The Natives of Tanna were well-nigh constantly at war amongst themselves, every man doing that which was right in his own eyes, and almost every quarrel ending in an appeal to arms. Besides many battles far inland, one was fought beside our houses and several around the Harbor. In these conflicts many men were bruised with clubs and wounded with arrows, but few lives were lost, considering the savage uproar and frenzy of the scene. In one case, of which we obtained certain information, seven men were killed in an engagement; and, according to Tannese custom, the warriors and their friends feasted on them at the close of the fray, the widows of the slain being also strangled to death, and similarly disposed of. Besides those who fell in war, the Natives living in our quarter had killed and feasted on eight persons, usually in sacrificial rites.
It is said that the habitual Cannibal's desire for human flesh becomes so horrible that he has been known to disinter and feast upon those recently buried. Two cases of this revolting barbarism were reported as having occurred amongst the villagers living near us. On another occasion the great chief Nouka took seriously unwell, and his people sacrificed three women for his recovery! All such cruel and horrifying practices, however, they tried to conceal from us; and many must have perished in this way of whom we, though living at their doors, were never permitted to hear.
Amongst the Heathen, in the New Hebrides, and especially on Tanna, woman is the down-trodden slave of man. She is kept working hard, and bears all the heavier burdens, while he walks by her side with musket, club, or spear. If she offends him, he beats or abuses her at pleasure. A savage gave his poor wife a severe beating in front of our house and just before our eyes, while in vain we strove to prevent it. Such scenes were so common that no one thought of interfering. Even if the woman died in his hands, or immediately thereafter, neighbors, took little notice, if any at all. And their children were so little cared for, that my constant wonder was how any of them survived at all! As soon as they are able to knock about, they are left practically to care for themselves; hence the very small affection they show towards their parents, which results in the aged who are unable to work being neglected, starved to death, and sometimes even more directly and violently destroyed.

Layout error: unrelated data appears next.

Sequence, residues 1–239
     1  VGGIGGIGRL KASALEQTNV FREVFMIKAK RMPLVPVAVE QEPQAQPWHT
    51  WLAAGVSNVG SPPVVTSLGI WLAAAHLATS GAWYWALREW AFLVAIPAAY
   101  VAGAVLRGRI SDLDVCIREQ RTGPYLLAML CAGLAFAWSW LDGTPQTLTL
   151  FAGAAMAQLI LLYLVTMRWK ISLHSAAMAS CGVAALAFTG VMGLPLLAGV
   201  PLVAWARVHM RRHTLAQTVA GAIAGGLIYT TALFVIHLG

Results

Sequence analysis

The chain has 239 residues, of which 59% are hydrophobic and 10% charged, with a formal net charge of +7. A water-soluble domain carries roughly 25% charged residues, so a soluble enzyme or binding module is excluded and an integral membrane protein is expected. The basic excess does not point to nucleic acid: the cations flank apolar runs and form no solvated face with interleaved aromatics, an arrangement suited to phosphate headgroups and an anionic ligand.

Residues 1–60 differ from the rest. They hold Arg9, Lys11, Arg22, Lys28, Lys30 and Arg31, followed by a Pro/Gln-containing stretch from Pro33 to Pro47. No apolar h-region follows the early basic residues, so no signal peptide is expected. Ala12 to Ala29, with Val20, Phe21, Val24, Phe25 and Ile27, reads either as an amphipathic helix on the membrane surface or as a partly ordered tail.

A Heathen boy's education consists in being taught to aim skillfully with the bow, throw the spear faultlessly at a mark, to wield powerfully the club and tomahawk, and to shoot well with musket and revolver when these can be obtained. He accompanies his father and brothers in all the wars and preparations for war, and is diligently initiated into all their cruelties and lusts, as the very prerequisite of his being regarded and acknowledged to be a man and a warrior. The girls have, with their mother and sisters, to toil and slave in the village plantations, to prepare all the materials for fencing these around, to bear every burden, and to be knocked about at will by the men and boys.
Oh, how sad and degraded is the position of Woman where the teaching of Christ is unknown, or disregarded though known! It is the Christ of the Bible, it is His Spirit entering into humanity, that has lifted Woman, and made her the helpmate and the friend of Man, not his toy or his slave.
From Chapters 12-15 from The Story of John G. Paton Told for Young Folks or, Thirty Years among South Sea Cannibals by James Paton. New York: A. L. Burt Company, Publishers, . This Young Folks' Edition by his brother was "re-cast" from John Paton's complete autobiography first published January, 1889.